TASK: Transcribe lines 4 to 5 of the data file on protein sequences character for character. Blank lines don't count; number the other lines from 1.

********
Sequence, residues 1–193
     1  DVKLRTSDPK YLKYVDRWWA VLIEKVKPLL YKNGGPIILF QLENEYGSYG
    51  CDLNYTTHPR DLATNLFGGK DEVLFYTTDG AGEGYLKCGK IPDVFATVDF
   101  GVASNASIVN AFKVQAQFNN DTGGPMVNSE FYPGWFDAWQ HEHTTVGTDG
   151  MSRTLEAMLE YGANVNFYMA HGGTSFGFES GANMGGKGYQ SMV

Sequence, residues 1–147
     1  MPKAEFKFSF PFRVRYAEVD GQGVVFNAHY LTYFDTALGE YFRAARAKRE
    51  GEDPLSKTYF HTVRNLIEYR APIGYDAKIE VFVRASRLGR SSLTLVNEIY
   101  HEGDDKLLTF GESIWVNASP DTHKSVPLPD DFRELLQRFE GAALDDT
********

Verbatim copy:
   101  GVASNASIVN AFKVQAQFNN DTGGPMVNSE FYPGWFDAWQ HEHTTVGTDG
   151  MSRTLEAMLE YGANVNFYMA HGGTSFGFES GANMGGKGYQ SMV